Speaking of angle cuts – these are the trim pieces I needed to fabricate to trim out the stair/wall junctions. Top Clockwise: 1st tread back trim, Bottom RH trim, Top RH trim, LH Top trim bottom block, LH Top trim.

7 buscit joiner layout

The bottom RH trim required a piece 14″ wide. So out comes the biscuit joiner. 1st we mark the biscuit locations.

8 biscut joiner

Cut the slots for the biscuits and glue it all up. The moisture in the glue expands the beech wood biscuits and makes for a solid joint.

9 finished stair

And that finished the stair – time to move on.

Time’s a wasting.

Basement Stairs – Getting to the Woman Cave

Welcome to spring my fellow renovators! As usual, I have a dozen projects going on at the same time – and most aren’t very photogenic – yet.

Let’s go down to the woman cave and get that pesky staircase built for the basement.

Here we go – watch your step. And a warning – this is  a longer post than most.

First we need a plan. Go to My Carpentry.Com for a really good calculator. You need exact measurements of the distance from one finished floor to the next to make a good, safe set of stairs.

1 stair plan

The items needed for laying out stairs is pretty simple. A framing square and some stair nuts, or some other means to make stops on the square to make consistent marks on the stringer. And for me, a life size cardboard template.

2 mock up

Calculating the proper size of the stair is easier if you use a template like this. Here the cardboard template is in place. The 2X4 wood in the foreground is a mock up of the bottom step height to make sure I have enough head room to meet code.

3 stringer template

Once I’ve gotten the stringer template made I’m ready to transfer to the real stringer. The wood for the stairs is typical Misadventures material. Most use a 2X12, but here we’ll use a LVL or Laminated Veneer Lumber beam. I like using laminated lumber on stair stringers for several reasons.It’s really strong, straight and won’t warp or change after cutting, which is something dimensional lumber will sometimes do.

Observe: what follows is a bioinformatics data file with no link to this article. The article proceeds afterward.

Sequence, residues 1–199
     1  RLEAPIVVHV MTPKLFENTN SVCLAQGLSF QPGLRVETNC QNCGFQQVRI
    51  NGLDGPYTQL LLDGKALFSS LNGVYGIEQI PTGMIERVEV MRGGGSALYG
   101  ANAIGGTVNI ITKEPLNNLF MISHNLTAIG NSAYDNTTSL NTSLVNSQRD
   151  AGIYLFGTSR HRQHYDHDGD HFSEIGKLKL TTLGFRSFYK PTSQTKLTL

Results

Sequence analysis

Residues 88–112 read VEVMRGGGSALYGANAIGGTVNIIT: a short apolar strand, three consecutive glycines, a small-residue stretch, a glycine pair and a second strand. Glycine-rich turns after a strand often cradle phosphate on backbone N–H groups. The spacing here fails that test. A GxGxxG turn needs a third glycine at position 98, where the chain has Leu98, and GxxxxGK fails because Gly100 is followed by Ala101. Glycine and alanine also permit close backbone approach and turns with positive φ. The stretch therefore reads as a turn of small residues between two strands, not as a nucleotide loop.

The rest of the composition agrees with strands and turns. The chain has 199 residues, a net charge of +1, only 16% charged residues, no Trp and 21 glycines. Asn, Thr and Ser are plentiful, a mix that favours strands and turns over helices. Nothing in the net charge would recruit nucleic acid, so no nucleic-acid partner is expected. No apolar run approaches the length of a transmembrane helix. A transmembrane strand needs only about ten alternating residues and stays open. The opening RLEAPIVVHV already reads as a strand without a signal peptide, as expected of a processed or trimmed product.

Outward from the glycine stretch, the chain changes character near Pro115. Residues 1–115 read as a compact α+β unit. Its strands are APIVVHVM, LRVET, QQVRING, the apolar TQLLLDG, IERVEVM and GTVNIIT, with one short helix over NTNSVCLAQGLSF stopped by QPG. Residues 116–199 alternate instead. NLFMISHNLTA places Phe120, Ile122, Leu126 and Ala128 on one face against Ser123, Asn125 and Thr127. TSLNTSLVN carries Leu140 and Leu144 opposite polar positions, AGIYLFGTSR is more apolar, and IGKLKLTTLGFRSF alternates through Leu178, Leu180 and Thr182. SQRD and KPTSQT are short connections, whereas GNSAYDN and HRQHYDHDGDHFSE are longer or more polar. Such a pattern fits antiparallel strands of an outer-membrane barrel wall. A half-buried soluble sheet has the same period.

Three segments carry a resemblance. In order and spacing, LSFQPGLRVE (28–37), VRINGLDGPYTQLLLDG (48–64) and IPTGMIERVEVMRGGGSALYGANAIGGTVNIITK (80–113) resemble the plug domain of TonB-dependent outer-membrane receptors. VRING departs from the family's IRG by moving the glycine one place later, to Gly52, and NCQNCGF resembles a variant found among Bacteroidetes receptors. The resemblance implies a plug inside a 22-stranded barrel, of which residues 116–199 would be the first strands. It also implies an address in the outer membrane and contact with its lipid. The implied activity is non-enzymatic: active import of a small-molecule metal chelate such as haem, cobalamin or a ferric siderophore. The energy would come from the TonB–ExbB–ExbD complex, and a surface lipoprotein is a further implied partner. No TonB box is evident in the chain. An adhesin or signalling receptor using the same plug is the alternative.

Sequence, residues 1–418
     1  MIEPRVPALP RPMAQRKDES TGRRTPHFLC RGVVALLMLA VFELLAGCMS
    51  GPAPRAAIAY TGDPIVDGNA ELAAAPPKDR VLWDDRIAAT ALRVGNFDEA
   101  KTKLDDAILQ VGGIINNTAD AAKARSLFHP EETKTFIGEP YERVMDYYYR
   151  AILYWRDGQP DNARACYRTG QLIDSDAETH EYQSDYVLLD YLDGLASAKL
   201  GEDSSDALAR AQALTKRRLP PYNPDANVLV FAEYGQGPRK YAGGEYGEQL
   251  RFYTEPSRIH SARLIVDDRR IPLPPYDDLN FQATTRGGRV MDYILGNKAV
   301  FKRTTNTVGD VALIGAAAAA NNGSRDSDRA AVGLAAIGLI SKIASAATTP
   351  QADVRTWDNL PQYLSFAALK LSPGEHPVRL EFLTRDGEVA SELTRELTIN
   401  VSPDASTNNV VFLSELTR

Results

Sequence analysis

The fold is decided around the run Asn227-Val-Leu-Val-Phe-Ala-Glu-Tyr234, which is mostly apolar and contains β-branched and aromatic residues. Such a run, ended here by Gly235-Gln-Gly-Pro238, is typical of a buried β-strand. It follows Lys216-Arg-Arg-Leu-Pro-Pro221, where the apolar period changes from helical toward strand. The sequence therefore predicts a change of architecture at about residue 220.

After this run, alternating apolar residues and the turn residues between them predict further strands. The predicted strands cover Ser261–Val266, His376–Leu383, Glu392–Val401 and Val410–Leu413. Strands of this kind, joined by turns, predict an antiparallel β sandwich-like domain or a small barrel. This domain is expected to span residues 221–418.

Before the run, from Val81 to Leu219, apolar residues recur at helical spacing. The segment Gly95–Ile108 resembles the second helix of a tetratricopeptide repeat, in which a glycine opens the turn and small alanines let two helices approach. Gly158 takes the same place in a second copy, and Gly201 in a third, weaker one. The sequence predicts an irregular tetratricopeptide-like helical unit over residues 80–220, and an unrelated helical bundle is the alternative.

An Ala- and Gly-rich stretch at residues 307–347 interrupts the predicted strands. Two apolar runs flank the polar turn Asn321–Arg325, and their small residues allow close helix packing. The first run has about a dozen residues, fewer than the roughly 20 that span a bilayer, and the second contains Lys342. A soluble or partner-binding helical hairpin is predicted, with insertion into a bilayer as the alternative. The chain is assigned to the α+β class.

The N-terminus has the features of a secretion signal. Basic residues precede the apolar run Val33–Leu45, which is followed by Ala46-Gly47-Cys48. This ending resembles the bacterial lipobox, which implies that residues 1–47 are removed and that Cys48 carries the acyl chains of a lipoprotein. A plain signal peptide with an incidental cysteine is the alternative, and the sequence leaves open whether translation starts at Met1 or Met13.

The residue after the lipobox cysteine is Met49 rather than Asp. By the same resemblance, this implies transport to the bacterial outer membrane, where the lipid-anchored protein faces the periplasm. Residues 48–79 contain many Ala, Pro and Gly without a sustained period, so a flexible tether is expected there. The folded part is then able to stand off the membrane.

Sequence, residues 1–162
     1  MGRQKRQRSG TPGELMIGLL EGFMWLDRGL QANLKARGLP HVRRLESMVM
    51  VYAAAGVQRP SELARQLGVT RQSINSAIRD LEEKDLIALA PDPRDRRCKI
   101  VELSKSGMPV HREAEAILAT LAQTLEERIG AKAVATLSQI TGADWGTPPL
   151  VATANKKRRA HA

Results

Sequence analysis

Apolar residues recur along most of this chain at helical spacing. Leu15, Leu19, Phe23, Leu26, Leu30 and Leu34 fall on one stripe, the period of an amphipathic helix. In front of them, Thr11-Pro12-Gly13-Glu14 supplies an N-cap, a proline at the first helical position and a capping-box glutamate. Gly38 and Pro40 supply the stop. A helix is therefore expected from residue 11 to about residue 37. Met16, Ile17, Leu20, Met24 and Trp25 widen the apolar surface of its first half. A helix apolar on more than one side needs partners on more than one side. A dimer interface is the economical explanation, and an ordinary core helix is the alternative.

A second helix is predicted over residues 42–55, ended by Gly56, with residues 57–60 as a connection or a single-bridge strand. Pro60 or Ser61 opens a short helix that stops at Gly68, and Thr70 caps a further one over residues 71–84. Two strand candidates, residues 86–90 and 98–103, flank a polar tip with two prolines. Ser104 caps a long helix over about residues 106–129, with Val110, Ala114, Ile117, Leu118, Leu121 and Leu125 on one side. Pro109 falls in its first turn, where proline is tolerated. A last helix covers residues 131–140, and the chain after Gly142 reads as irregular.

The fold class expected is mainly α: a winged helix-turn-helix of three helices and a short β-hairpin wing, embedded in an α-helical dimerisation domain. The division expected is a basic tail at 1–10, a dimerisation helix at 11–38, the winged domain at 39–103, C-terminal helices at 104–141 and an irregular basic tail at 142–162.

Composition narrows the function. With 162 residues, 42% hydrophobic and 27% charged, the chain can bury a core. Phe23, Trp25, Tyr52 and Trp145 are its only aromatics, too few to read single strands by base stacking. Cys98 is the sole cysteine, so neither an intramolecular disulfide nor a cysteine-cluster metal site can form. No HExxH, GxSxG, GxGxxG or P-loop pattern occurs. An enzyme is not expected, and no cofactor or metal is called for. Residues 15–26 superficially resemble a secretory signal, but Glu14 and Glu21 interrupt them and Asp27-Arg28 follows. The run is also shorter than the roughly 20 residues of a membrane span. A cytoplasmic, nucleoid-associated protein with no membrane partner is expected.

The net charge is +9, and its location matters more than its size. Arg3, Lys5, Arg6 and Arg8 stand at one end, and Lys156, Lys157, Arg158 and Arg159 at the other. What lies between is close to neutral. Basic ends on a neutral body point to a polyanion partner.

4 stringer jig

Since I’ll be making 3 stringers for this project, I’ll make a set of jigs for the cuts. The one on the left is for the ‘run’ cut and the right one is for the ‘rise’ cut. I find it so much easier and faster to take a few minutes and make a jig if I have a lot of repetitive cuts to make. On stairs consistency is a safety issue, so make ’em right.

5 saw spacer block

One more jig and I’m done – promise. I also make a little spacer that is the width of the saw shoe plus the thickness of the saw blade. This will vary slightly from one blade to the next, so I made a new one to match this blade. You need this little block – so make it.

6 stringer end cut

Jig and block together – so sweet! The block is used to line up the layout mark on the stringer and then you butt the cutting jig next to the block. I screw the jig to the stringer to keep it secure.

7 sawing stringer

Then we cut the stringer stopping right at the intersecting line. No over cutting here.

8 hand saw finish cut

Then we take a hand saw and finish the cut. Over cutting will weaken your stringer, especially if you use dimensional lumber. I could overcut this LVL – but I would never do that – my OCD would never allow it. You can see how straight and square the cut is – that’s why you use a jig.

9 fitting first stringer

Now we check out how we did – we’ll check to make sure the rise and run are correct before we mess up any other materials. You can see how much longer and less steep the stairs are next to the original.